Nicotine addiction (NA) is a physical tie to nicotine. If you stop using nicotine you will have physical symptoms until your body adjusts. Nicotine can be found in cigarettes, snuff, chewing tobacco, cigars, and pipes. Using these products can lead to health problems, such as cancer, lung conditions, and stroke.

Stopping nicotine slowly over time will help to ease symptoms. Standard treatments include nicotine replacement therapy, counseling, and medication. Setbacks happen.

Natural Therapies

Some people look to natural treatments to help stop smoking.

Likely Effective

  • Acupuncture is the insertion of fine needles for symptom relief. It may help some stop smoking. Most found benefits were short term. A1-A4

Possibly Effective

  • Hypnotherapy is a form of psychotherapy. Evidence is limited, but it may increase smoking cessation in the short term. C1-C4
  • Mind-body practices include mindfulness meditation, yoga, and other relaxation tools. Evidence is limited, but it may increase abstinence. D1

Unlikely to Be Effective

The following supplements have been studied for their role in smoking cessation:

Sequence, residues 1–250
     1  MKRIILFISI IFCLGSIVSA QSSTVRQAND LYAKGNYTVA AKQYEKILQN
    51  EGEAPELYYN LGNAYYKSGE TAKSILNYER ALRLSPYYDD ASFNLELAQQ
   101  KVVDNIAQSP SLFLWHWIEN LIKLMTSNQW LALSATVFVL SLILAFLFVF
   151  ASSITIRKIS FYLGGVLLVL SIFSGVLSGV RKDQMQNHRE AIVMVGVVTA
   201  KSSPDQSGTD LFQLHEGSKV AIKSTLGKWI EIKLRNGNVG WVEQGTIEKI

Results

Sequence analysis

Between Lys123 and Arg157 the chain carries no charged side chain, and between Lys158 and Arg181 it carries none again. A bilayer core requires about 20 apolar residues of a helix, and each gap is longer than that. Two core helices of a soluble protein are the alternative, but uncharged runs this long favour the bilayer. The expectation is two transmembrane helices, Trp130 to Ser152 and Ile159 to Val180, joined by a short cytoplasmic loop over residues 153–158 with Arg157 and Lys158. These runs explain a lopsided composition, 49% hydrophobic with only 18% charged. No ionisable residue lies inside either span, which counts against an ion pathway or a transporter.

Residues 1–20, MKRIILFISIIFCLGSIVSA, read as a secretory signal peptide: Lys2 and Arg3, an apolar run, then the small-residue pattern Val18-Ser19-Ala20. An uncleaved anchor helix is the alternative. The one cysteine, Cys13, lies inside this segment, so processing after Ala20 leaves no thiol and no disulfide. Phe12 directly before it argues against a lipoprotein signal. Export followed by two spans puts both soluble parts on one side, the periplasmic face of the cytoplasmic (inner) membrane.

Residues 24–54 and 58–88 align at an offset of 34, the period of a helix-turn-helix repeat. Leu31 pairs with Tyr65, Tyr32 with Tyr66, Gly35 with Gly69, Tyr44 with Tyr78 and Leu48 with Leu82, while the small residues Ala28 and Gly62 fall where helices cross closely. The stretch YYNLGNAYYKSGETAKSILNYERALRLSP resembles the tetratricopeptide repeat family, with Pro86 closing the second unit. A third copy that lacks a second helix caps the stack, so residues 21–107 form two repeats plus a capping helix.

• Lobeline is a chemical in an herb called Lobelia inflata. (Note: Lobelia can be toxic in large doses. It may cause serious side effects.) B3, B5
  • S-adenosylmethionine (SAMe)—supplement (Note: SAMe should not be taken by people with bipolar disorder. It may also interact with medications used to treat Parkinson disease.) B4
  • St. John's Wort—plant-based supplements. (Note: St. John’s wort can weaken the effects of many medications.) B1, B2

Editorial process and description of evidence categories can be found at EBSCO NAT Editorial Process.

Editorial process and description of evidence categories can be found at EBSCO NAT Editorial Process.

Herbs and Supplements to Be Used With Caution

Talk to your doctor about any supplements or therapy you would like to use. Some may get in the way of treatment. They can also make illness worse or cause new problems. Examples include:

  • Lobeline can be toxic in large doses. It may cause serious side effects, such as seizures, rapid heartbeat, coma, and death.
  • SAMe (S-Adenosyl-L-methionine) should not be taken by people with bipolar disorder. It may worsen symptoms. It may also decrease the effectiveness of medications used to treat Parkinson disease. It may also interact with drugs and supplements that increase levels of serotonin, such as anti-depressants.
  • St. John’s Wort can weaken the effects of many medicine. Anti-depressants, birth control pills, blood thinners, and some cancer medicine are most likely to interact.

Revision Information